Difference between revisions of "Writing Your World"

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==Course Description==
 
==Course Description==
 
Students in this course explore the literary devices and story-telling skills of creative writers and apply them to the crafting of fact-based narrative.
 
Students in this course explore the literary devices and story-telling skills of creative writers and apply them to the crafting of fact-based narrative.

Revision as of 09:12, 9 June 2019

Writing Your World
Humanities Course
Course CodeWRT3
Year Opened1980
Sites OfferedJHU, LAN, LOS, SAR
Previously OfferedAMH, ASU, CAR, GVA, NOR, RED
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Course Description

Students in this course explore the literary devices and story-telling skills of creative writers and apply them to the crafting of fact-based narrative.

Beginning with memoir and personal essays and moving to essays about the world around them, students learn to tell true stories using the traditional tools of fiction and poetry, with particular attention to evocative imagery and the beauty of language. By reading the work of accomplished creative nonfiction writers such as David Foster Wallace, James Baldwin, and Joan Didion, students learn about the interplay of personal experience and journalistic reporting and consider how a writer’s voice and experiences shape a text. Students assess the freedoms and constraints of creative nonfiction by reading and discussing the work of writers who experiment with the boundaries of the genre.

In addition to daily reading and writing exercises, students complete several major writing projects. They experiment with literary elements, techniques for organizing essays, creating meaningful transitions, and beginning and ending their works effectively. Students leave the course with a clearer sense of audience and their own authorial voices, as well as a deeper understanding of the strategies and practices of strong nonfiction writing.


Class History

Taught by Ross Markonish in Lancaster from 2003-2006.

Taught by Eric Song in SAR.06.

Taught by Tim Ross in CAR.06.

Taught by Dona in JHU.06.1.

Taught by Veronica Guttierez and Danielle Roderick in LMU.07.

Taught by Chris McVey, who was absolutely brilliant, in SAR.09.

Crafting was taught by Angela Balcita in JHU.06. Angela taught the course through four different types of essays: Memoir, Personal Essay, Place Essay, and Lyric Essay. The students all wrote through pen names. The class examined many genres of essays, from deMontaigne to medical memoirs.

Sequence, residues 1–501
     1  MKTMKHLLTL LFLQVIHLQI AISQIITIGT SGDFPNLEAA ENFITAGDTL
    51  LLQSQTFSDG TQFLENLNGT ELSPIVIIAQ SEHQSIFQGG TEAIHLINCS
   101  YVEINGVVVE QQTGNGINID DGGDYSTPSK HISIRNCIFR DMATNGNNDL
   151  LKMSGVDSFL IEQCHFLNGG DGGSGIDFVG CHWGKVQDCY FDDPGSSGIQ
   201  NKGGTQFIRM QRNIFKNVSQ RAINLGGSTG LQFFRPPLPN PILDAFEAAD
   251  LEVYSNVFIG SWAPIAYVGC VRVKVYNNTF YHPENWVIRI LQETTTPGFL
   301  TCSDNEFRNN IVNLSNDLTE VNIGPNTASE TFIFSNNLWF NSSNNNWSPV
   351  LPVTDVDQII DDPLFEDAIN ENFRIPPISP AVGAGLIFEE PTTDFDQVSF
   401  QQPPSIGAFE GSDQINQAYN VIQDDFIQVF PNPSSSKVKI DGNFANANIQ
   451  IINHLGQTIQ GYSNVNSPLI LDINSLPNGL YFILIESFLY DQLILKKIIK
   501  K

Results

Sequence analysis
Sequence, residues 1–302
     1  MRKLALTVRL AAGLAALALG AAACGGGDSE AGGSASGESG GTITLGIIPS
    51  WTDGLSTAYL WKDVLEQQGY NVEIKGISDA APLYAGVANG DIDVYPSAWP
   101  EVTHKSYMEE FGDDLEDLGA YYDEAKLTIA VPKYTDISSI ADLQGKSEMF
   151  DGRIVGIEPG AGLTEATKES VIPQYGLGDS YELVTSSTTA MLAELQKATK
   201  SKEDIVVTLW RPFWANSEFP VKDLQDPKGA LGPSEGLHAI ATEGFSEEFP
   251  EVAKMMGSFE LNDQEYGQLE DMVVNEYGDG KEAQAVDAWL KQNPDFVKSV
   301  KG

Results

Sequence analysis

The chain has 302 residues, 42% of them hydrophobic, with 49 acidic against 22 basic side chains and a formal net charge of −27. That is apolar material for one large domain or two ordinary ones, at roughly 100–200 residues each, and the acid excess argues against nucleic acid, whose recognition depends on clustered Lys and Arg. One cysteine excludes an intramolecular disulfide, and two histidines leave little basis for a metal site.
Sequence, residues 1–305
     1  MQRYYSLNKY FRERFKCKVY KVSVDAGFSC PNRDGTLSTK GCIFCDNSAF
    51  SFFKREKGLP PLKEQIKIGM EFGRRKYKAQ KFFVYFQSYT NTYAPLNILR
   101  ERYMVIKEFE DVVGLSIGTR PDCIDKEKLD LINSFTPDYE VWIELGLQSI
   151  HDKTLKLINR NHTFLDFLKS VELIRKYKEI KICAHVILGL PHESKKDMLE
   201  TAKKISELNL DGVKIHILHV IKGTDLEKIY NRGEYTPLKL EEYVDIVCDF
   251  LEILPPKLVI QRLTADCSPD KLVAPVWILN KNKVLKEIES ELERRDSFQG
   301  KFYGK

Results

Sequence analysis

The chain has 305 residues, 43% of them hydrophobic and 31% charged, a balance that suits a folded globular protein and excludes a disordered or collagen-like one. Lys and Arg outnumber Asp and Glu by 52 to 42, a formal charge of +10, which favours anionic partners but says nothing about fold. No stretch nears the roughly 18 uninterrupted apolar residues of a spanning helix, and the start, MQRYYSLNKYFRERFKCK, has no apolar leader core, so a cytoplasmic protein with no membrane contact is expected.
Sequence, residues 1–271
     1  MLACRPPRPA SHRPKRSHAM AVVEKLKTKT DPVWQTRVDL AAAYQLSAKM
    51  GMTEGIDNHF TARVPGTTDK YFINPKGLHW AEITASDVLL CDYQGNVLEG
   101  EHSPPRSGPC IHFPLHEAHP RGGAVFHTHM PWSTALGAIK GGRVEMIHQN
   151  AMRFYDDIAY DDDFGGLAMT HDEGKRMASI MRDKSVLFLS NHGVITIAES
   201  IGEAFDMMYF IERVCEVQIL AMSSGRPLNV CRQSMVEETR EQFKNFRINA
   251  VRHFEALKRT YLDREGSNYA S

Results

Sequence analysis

In 08 and 09 at LMU, the class was taught by Danielle Roderick and TAed by Granger Abuhoff. (In 09 they taught/TAed the B class). Danielle was wonderful as always, and Granger was... well, Granger. Any alum of the class now know far too many Granger jokes.

At CAR.10, Crafting the Essay was taught by Michael Horton, with TA Jessica

In the NEW CTY course list, Crafting the Essay is gone :( It's been replaced by another course.. Another course, Creative Nonfiction, took its place at LMU.11. It was, for a short while, renamed Crafting the Essay, but the name returned to Creative Nonfiction for unknown reasons. Taught by Veronica Guttierez (CN a) and Danielle Roderick (CN b).

Creative Nonfiction A was taught by Willie McLafferty and TA'd by Adam Rudebusch at JHU.12.1.

Creative Non-Fiction was taught by the brilliant Laurence Ross and TA'd by Tides Author Betsy Cornwell at SAR.13.

Creative Nonfiction B at LOS.14.1 was taught by Kim Woltmann and TA'd by Mariah Young. The class wrote a memoir essay, a descriptive essay about a location/object, and a hermit crab essay about a relationship. The final anthology essay was a revision/amalgamation of the previous ones. There were 6 boys and 5 girls in the class, except one of the boys got sick and had to leave camp. This was regarded as a complete tragedy and resulted in the building of a shrine in the middle of the classroom.

Creative Nonfiction B at JHU 14.1 was taught by Jessica Young and TA'd by Lindsey Puvel. The class focused on writing memoirs, descriptive essays and on conceptual/thematic approaches to writing. Many drafts of many essays and poems were written, and at the end of the course, Lindsey let the boys do what will never be spoken of (because she would never ever ever let us jump into the fountain).

Creative Nonfiction at Skidmore 14.1 was taught by Laurence Ross. The class analyzed music videos by Lady Gaga, Miley Cyrus, Britney Spears, and Adam Lambert in addition to writing and analyzing personal essays. The class grew very close over the course of the session, and was generally a good class.

Creative Nonfiction at LAN 15.1 was taught by Dereck Gray and TA'd by Kelsey Hagarman. It was a small class of 12, but one girl went home sick. The small class consisted of only four girls and seven boys, with a variety of interesting personalities from moody and childish to conspiracy-obsessed. The class played one of the wretched games: Molly and Ned. During the trip to the farmers market, one boy bought rootbeer and constantly drank it in class. One of the girls (the moody and childish one) said it looked like he was an alcoholic and would not stop cracking up until she was laughing so hard she fell to the floor along with her desk. The class wrote memoirs, second-person narratives, and three narratives. (TBH: we didnt rlly learn anything so ya) Breaks were fun because the illuminati was confirmed beyond counting. Yeah...... it was fuuuuuuun.

Creative Nonfiction A at JHU 15.2 was taught by Patrick Foran and TA'd by Angela Gasca. Very decent. Obama loves memes.

Creative Nonfiction B at JHU 16.1 was taught by Michael Heiss and TA'd by Mary Kate Turner.

Creative Nonfiction at LAN 18.1 was taught by Derek Gray and TA'd by Mary Kamitaki. It was the class of the students who had the legendary RAs Yeon Cho and Cayla.